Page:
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Discussion Starter #1
I'll have a few weeks and I'm looking to get out. How's the boating? All dried up or just in time for the flows to drop in on the gnar? Looking for class V, preferably multidays. Would Chile be a better choice?
Joe
 

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Joe, not sure about the season in either place, but we should rally for sure, I graduate on the 20th and will be looking to relax and get rad. I am home in a week, lets fire it up bud!
 

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Hell yea! Bummed I couldn't make it out yonder, but it'll be great to see you. I'm looking at the last two weeks in Feb - you interested?
Joe
 

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Hey Man,

I'm planning on three months there next year. A little work and lotsa play. I hear nursing work is easy to come by if your interested. What happened of you moving to a more metro area. You leaving Denver?

Parker
 

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Discussion Starter #5
Yo parker! You gonna be there in Feb? I've also heard that nursing work is pretty easy to come by. I am tragically leaving D-town next summer.
Joe
 

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I don't think that's the best time for the classics on the west coast of the south island, but there is rainfed water year round, depending on storms. The big water runs near queenstown on the kawarau are always in (citroen = IV+/V; nevis bluff = V+(+)), but they are pretty much short stretchs of intense rapids. Stuff near Murchison -- more play oriented -- is in frequently. Rangitata near christchurch is always in. And classics on the north island like the wairoa are frequently in. In short, probably stuff to run, maybe lots with good luck on rain timing. But there may be better kayaking destinations that time of year. Check in with the bliss-stick guys. I also have the guidebook if you want to check it out.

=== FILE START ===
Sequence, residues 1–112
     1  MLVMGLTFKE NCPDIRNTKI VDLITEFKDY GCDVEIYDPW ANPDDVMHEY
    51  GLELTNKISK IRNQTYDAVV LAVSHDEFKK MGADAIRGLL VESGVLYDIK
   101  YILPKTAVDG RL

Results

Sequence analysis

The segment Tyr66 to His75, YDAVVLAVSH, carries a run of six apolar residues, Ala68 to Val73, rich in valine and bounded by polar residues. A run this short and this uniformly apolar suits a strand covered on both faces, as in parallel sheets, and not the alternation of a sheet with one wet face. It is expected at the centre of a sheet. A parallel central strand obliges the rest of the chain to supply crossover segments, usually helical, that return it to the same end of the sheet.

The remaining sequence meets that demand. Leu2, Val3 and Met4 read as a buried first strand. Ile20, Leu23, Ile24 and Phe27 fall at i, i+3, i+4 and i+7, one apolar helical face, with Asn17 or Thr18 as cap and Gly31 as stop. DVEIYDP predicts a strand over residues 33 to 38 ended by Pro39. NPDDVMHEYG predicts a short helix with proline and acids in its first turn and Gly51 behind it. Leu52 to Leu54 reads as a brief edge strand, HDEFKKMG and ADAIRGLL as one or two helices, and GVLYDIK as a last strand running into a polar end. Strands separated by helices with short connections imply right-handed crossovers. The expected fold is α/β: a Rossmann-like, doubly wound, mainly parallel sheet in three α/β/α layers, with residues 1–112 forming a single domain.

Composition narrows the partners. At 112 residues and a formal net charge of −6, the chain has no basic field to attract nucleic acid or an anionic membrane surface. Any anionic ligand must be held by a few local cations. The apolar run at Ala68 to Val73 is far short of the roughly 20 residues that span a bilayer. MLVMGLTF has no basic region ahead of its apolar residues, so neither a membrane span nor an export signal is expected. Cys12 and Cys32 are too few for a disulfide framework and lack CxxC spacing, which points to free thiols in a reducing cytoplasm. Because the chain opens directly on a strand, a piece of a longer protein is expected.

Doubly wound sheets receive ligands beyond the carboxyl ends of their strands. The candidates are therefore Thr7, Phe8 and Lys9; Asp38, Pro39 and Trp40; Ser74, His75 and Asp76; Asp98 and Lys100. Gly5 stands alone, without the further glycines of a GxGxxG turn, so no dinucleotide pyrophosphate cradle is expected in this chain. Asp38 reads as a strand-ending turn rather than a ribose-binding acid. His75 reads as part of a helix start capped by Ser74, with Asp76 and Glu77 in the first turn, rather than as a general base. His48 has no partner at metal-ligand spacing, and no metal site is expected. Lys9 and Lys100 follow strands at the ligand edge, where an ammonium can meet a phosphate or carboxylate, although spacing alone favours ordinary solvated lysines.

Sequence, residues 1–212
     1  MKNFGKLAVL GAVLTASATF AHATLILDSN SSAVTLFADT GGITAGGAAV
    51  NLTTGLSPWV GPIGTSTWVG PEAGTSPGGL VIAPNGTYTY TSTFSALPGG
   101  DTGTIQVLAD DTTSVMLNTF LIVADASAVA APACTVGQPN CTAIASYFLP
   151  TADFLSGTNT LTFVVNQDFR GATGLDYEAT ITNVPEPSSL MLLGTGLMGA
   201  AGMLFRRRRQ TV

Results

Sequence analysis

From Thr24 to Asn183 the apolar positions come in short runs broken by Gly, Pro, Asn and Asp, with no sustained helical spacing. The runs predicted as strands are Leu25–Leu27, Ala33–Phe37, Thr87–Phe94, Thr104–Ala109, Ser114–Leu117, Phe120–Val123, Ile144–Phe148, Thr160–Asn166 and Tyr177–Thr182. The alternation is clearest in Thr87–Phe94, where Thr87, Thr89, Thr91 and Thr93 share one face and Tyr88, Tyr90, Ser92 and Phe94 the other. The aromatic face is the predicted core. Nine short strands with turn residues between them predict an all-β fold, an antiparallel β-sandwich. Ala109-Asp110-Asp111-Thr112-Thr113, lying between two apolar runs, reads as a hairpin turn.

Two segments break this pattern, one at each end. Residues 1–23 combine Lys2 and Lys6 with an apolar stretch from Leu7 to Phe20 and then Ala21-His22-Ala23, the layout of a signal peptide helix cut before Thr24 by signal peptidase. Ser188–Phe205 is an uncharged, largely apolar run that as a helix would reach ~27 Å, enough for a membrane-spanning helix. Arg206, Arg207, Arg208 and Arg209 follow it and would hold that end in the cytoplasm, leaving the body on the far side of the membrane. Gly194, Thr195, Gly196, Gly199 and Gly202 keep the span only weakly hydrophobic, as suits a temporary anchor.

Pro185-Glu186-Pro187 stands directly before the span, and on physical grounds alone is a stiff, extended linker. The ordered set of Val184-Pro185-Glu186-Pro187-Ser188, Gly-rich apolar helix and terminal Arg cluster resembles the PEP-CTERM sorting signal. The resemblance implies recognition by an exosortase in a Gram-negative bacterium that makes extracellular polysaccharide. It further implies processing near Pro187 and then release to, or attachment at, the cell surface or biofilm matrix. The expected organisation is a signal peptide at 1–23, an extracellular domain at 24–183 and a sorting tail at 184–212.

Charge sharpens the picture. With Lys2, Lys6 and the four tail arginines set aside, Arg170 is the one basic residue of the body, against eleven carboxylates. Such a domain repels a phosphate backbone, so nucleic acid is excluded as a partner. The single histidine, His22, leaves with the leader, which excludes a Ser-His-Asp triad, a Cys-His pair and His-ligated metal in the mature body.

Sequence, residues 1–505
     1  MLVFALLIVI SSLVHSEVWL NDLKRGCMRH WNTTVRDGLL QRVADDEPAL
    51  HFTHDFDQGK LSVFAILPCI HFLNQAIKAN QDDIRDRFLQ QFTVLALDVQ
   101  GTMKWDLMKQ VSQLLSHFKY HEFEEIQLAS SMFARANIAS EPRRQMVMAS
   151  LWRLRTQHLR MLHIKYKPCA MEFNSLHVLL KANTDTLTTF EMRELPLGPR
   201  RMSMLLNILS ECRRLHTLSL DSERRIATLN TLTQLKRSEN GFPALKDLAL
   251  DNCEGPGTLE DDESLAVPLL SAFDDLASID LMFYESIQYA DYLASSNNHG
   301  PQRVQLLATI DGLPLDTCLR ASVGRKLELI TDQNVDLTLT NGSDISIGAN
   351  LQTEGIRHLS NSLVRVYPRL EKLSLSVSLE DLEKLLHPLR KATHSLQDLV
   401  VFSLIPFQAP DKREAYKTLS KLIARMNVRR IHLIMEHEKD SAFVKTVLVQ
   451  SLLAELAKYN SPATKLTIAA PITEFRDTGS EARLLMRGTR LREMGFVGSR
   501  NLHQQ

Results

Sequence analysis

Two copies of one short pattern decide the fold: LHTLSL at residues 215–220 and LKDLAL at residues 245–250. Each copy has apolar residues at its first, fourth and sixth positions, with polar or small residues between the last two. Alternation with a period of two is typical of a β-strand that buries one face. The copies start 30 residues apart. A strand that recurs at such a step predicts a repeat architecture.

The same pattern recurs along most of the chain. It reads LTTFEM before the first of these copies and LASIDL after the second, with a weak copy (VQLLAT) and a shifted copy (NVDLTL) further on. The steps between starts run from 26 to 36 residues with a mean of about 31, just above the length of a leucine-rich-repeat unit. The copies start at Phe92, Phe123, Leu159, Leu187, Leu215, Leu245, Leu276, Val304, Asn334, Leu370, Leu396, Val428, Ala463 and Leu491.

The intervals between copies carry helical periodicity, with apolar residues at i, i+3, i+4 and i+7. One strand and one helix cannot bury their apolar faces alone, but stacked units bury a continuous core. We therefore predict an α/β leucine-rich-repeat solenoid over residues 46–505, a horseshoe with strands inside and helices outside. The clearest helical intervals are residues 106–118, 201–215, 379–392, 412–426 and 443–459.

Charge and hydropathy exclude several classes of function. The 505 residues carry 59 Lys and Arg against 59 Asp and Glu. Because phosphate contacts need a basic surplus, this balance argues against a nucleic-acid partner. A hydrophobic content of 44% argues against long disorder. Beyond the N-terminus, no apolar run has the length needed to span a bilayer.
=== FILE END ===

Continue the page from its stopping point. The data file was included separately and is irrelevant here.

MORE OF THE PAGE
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NZ: Parts of the west coast get about 7 meters of rain per year (south island)- and it gets this rain all through the year. There is always something running near Hokitika. The runs are catagorized by: 1) run it before it rains (glacial- get too big when it rains), 2) run it while it rains (tiny drainage) 3) run it after it rains (larger drainage, or less discharge from a glacier, etc.).

I was there last January and February and it's a fine time of year to be there. The steep stuff is intense, and it can be difficult (hit or miss) to find boating partners that are willing to randomly pay money and jump in a helicopter to paddle hard stuff w/ a guy they met at a camp ground. Many of the runs around Hokitika are helicopter in, and if you can't run it, then helicopter out. They like to get groups of 4ppl for the choppers. The pilots were talking about guys who would try to hike out and whose bodies have never been found from the hikes.

For overnight options, the general scheme is the further up a drainage [west coast of the south island] the steeper it gets. Typically, there are many landing zones the choppers can fly into on any given drainage. I only did day runs, preferring to longer days verses heavier boats, though there are huts by some of the runs, and you could just go further upstream. Some of the runs are a hike in or really muddy 4 wheel driving. Amazing creeking. Amazing sights. Quite expensive country.

I recall Chile being good this time of year, but when I was there it was starting to dry up by February- I have no idea of this is typical. MUCH cheaper. Lots of first descents still going on down there. Many boaters like to start out near Pucon. Lots of good creeking around Pucon, and good bus service to it too. I got on very limited number of runs in Chile so I can't tell you much more than that. Getting to lots of the rivers, finding gas stations, trying to get any beta about the runs, and issues such as that can be much more of a hassle.

Cheers!
 

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Joe, Ken Oliver is there now. Likely will be there still in Feb. Email me and I can get you his contact info. He's been there for a month and likely can give you all the Beta.
 

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Joe - when I was in NZ I hoit lots of west coast runs in Feb and thought it was the perfect time to be there.

I think you can get on more good shit cheaper, easier and more plentifully in Chile though. You're not paying for helis to get on the good shit and the levels seem to be less finicky.

Either way, you can't go wrong.

BTW - NZ is more hard ass and kinda scary boulder garden character (for the most part) while CHile is more clean waterfalls, bedrock and some bouder garden combo and seemed way less sievvy.
 

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Discussion Starter #11
How are the flows in Chile that time of year? I thought they'd dropped out by then?
Joe
 

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The year I was there it was still fun around Pucon in Feb - and we went to the Fuy and Gol Gol but everyone was definitely getting ready to hear to Futa. Really, I dont know...Demshitz would know.....
 
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